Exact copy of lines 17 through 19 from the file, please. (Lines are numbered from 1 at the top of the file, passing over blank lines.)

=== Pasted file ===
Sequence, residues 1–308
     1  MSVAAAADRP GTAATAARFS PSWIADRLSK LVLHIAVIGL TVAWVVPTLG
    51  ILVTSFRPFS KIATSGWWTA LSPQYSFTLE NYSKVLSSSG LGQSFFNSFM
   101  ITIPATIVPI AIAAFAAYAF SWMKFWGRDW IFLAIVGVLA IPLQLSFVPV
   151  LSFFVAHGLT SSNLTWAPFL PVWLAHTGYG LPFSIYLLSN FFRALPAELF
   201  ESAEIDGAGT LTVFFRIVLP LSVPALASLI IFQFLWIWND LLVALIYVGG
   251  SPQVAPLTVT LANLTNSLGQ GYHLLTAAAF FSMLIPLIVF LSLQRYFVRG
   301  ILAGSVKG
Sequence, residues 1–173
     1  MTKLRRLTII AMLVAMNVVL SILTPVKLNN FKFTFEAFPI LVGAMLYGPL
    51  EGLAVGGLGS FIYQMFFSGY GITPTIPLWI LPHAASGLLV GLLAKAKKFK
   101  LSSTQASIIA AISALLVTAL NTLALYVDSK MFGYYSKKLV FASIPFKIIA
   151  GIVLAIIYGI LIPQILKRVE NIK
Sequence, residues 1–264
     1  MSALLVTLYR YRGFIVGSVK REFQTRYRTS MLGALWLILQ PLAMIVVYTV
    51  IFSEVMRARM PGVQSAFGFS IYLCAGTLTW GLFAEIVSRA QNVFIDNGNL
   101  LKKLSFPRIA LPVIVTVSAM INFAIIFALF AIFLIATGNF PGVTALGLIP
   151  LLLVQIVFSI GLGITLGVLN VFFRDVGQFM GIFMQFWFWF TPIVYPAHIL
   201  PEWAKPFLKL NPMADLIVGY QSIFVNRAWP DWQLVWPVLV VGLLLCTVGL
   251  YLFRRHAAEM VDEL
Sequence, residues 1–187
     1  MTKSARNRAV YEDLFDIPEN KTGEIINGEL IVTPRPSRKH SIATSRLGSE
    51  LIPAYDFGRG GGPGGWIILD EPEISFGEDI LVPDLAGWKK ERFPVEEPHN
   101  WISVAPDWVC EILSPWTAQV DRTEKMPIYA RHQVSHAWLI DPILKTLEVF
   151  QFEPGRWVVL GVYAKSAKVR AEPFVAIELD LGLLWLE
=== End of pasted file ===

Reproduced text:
   101  LKKLSFPRIA LPVIVTVSAM INFAIIFALF AIFLIATGNF PGVTALGLIP
   151  LLLVQIVFSI GLGITLGVLN VFFRDVGQFM GIFMQFWFWF TPIVYPAHIL
   201  PEWAKPFLKL NPMADLIVGY QSIFVNRAWP DWQLVWPVLV VGLLLCTVGL